Secured and Unsecured Bonds:
Secured bonds are endorsed by a oblige of some sort of Collateral. Mortgage bonds are secured by an assert on real estate. Collateral trust bonds are secured by stocks and bonds of other corporations. Bonds not endorsed by collateral are unsecured. A debenture bond is unsecured. A “junk bond” is unsecured and also very hazardous, and therefore, pays a high interest rate. Companies often use these bonds to finance supplemented buyouts.
Term, Serial Bonds and Callable Bonds:
Bond issues that full-blown on an individual date are called term bonds, issues that full-blown in installments are called serial bonds. Serially full-blowning bonds are frequently used by school or sanitary districts, municipalities, or other local taxing bodies that receive money through a special charge. Callable bonds give the issuer the right to call and retire the bonds anterior to maturity.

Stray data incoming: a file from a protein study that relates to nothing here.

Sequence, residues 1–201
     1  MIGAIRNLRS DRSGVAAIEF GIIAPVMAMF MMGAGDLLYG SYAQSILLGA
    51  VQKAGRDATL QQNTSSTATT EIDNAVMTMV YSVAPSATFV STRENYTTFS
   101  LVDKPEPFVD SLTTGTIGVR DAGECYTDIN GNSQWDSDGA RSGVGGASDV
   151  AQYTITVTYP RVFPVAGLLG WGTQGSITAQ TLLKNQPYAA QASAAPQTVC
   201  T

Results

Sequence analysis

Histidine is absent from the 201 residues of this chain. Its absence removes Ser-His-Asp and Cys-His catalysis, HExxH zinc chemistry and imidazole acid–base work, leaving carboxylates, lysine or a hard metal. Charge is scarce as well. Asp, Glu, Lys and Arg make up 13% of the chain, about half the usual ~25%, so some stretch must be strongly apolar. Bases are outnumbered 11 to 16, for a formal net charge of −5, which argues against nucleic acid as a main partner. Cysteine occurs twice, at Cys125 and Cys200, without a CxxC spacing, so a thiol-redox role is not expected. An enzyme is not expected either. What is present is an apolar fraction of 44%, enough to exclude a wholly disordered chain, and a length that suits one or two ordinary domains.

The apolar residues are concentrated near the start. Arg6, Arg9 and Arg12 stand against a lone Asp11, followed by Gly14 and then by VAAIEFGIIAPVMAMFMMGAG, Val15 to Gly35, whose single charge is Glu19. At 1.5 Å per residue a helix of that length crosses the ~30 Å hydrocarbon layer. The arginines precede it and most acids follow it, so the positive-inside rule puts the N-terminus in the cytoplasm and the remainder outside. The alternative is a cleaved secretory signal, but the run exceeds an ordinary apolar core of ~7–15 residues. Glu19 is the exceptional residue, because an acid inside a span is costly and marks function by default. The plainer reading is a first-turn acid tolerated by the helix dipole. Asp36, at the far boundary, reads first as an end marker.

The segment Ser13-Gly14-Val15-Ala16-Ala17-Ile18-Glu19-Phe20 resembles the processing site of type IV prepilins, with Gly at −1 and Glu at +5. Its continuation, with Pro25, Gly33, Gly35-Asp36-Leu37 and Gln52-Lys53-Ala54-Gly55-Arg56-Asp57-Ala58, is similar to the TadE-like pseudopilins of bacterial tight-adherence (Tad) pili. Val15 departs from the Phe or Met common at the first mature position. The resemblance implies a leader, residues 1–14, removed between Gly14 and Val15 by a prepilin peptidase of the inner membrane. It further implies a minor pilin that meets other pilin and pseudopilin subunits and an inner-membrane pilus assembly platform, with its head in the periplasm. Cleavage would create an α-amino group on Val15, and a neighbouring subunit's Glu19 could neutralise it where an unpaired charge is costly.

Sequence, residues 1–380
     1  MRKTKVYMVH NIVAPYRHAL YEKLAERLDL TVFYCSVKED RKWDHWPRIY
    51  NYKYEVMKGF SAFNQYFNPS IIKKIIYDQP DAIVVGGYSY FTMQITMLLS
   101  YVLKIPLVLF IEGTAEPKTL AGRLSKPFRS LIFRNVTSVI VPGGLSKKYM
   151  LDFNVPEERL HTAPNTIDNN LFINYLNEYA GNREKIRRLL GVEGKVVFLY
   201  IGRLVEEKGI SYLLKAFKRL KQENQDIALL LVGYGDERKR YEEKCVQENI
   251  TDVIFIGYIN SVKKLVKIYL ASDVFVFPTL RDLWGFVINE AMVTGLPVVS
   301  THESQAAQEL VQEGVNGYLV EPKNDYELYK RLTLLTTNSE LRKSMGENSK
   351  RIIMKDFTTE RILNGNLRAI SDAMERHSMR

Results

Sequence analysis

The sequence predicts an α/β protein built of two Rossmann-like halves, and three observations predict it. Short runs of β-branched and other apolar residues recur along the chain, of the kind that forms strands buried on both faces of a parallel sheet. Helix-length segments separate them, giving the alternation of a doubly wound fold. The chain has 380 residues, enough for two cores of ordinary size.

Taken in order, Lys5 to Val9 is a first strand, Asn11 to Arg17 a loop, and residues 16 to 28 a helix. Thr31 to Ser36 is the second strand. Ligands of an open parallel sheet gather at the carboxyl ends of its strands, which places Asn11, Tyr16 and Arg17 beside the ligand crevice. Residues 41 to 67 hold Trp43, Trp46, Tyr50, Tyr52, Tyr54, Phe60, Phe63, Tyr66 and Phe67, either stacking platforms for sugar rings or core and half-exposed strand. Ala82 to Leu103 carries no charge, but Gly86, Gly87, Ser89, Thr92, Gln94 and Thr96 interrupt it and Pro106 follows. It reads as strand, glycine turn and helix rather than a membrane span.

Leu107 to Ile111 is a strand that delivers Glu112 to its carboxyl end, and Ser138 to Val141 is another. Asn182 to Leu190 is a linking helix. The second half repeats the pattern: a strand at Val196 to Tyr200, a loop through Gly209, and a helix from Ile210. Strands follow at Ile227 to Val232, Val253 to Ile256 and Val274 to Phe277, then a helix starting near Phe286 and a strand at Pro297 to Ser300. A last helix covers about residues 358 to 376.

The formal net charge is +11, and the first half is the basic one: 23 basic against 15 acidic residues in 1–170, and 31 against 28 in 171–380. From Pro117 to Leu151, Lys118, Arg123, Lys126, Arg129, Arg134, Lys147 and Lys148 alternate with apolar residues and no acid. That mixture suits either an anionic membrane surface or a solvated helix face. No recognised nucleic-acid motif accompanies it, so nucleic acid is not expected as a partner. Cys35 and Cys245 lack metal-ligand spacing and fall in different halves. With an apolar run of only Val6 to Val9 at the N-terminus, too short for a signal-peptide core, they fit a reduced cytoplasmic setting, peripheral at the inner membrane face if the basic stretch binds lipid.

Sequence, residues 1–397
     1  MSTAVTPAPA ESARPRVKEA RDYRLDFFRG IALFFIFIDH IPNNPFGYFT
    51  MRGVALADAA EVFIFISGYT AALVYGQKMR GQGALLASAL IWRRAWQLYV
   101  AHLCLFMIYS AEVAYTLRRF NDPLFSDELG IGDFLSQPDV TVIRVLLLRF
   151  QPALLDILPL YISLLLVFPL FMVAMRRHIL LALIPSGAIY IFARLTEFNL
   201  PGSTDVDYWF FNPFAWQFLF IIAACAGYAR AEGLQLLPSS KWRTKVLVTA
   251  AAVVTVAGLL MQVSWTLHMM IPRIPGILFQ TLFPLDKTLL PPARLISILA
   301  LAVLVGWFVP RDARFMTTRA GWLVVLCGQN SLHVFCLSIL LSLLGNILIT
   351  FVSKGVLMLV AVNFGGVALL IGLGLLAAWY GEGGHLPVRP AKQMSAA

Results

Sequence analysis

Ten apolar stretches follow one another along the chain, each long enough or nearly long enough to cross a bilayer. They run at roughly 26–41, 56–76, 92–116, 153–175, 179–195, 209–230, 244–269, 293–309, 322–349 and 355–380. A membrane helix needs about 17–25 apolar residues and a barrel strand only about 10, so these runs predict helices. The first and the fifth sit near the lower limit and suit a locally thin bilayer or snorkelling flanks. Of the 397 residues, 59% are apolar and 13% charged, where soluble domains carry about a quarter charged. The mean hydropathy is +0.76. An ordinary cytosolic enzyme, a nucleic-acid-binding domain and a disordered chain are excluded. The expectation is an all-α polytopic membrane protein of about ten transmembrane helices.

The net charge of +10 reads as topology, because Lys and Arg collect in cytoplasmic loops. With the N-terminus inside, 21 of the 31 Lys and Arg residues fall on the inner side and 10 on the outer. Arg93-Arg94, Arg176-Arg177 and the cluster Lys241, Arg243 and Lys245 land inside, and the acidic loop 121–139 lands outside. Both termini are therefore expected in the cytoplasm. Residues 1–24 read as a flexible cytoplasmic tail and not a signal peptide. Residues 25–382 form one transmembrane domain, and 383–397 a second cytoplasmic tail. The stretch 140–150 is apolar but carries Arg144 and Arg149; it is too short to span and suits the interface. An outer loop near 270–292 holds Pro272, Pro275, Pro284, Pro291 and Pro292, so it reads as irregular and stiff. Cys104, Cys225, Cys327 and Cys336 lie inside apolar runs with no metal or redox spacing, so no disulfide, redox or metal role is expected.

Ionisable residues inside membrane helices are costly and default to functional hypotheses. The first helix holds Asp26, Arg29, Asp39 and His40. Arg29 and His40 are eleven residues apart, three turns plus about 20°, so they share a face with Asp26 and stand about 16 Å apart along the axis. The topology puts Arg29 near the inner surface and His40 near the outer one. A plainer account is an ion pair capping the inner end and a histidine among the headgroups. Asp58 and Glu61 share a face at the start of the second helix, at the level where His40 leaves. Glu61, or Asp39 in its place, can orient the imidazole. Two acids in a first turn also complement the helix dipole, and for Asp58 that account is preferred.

Convertible, Commodity-Backed and Deep-Discount Bonds:
they are convertible bonds. Two types of bonds have been developed in an attempt to attract capital in a tight money market—commodity-backed bonds and high-discount bonds. Commodity-backed bonds (also called asset-linked bonds) are redeemable in measures of a commodity, such as barrels of oil, tons of coal, or ounces of rare metal.
Registered and Bearer (Coupon) Bonds:
Bonds issued in the name of the possessor are registered bonds and require surrender of the certificate and issuance of a new certificate to complete a sale. A bearer or coupon bond, however, is not recorded in the name of the possessor and may be transferred from one possessor to another by simple delivery.
Income and Revenue Bonds:
Income bonds pay no interest unless the issuing company is gainable. Revenue bonds, so called because the interest on them is paid from specified revenue mediums, are most frequently issued by airports, school districts, counties, toll-road authorities, and governmental bodies.